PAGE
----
The Vitobloc 300 CHP units are suitable for natural gas, bio natural gas, LPG and the admixture of 20 percent hydrogen. The integrated condensing technology enables you to achieve an overall efficiency of up to 107.3 percent (Vitobloc 300 type NG 20).
The Vitobloc 200 series
CHP units such as the Vitobloc 200 type EM-260/390 or the Vitobloc 200 type EM-100/167 from Viessmann achieve impressive efficiency. The Vitobloc 200 CHP units are therefore particularly easy to maintain with their maintenance intervals. Some have integrated condensing technology and thus achieve an overall efficiency of up to 95 percent. And they are up to 50 percent electrically modulated and can be run with both heat-led and power-led operation. Other plus points for the Vitobloc 200 CHP unit are the extensive technical equipment with electricity meter and flexible connections for gas, flue gas, extract air and heating water, as well as the standard silencer hood for significantly reduced operating noise.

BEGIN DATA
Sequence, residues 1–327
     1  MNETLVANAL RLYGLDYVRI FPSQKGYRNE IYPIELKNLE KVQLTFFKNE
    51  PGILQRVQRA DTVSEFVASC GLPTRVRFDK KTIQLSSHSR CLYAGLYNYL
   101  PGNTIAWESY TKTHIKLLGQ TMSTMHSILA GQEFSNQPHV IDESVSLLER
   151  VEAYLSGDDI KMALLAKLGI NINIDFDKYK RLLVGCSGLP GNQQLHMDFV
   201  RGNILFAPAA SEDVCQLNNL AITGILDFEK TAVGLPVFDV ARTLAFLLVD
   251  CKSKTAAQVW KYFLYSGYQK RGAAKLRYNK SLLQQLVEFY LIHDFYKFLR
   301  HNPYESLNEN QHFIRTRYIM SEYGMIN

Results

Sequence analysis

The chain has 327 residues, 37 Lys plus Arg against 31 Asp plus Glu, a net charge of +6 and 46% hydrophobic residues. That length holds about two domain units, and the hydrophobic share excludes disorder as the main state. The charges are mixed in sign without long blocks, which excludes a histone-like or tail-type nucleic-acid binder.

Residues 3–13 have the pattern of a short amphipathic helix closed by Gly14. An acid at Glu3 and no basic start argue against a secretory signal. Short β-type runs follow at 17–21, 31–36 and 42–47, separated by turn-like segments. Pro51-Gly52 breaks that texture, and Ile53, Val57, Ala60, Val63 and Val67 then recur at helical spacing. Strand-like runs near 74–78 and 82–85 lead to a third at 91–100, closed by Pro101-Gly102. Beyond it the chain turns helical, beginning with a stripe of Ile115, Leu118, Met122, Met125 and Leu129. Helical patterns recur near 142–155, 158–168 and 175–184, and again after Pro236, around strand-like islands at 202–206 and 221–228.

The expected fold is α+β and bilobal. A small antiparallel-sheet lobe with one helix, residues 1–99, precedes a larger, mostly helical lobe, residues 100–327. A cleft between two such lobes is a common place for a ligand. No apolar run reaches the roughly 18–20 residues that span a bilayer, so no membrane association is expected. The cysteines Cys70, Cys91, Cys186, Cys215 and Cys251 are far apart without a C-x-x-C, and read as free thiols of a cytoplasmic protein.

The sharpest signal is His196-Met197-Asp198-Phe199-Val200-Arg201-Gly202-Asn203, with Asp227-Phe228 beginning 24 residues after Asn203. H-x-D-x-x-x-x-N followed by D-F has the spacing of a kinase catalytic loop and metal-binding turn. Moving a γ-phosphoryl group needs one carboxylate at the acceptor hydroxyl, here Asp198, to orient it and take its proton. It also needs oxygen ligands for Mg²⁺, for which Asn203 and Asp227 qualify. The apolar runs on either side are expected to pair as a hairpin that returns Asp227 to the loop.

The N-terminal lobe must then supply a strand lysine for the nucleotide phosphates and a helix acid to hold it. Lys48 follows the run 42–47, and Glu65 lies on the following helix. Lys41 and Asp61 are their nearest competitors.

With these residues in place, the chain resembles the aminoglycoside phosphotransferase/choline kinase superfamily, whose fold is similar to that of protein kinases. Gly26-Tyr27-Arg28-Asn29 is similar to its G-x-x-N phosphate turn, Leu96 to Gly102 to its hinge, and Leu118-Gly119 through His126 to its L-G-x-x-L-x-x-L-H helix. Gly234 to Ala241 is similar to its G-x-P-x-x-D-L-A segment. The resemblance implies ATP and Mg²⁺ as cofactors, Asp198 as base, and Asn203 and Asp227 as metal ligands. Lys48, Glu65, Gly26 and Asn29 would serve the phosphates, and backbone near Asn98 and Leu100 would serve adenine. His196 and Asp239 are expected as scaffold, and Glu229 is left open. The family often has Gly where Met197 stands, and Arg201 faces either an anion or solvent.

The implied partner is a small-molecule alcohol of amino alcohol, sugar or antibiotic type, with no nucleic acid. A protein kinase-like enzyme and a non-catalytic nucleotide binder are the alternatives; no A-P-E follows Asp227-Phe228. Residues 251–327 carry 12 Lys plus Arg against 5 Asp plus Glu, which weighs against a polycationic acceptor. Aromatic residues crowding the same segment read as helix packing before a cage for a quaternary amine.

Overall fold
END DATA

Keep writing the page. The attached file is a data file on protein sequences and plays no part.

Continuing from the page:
CHP units – efficient gas-operated systems for combined heat and power generation
Gas-operated combined heat and power units (CHP) generate electrical energy and heat simultaneously according to the principle of combined heat and power. A special gas combustion engine designed for heavy duty cycles drives the generator to produce electricity. These units are sized to suit residential complexes and commercial operations. On the heating side, the CHP unit operates in parallel with a boiler. Both heat generators are connected to the heating system in order to provide heating water or DHW.
Viessmann CHP units are team players. They achieve their highest efficiency in a system that is individually matched to the respective requirements. This starts with system technology, for example, with control cabinets for higher level control functions, and extends to customised maintenance contracts.
Product range: CHP units up to 530 kWel and 660 kWth
A CHP unit is extremely environmentally responsible: in addition to primary energy savings of up to 36 percent, CO₂ emissions are significantly lower compared to the conventional generation of power and heat. With more than 25 years' experience in this product area, Viessmann offers efficient gas operated systems for combined heat and power generation. Alongside standard products, the company also manufactures CHP units tailored specifically to customers' individual needs.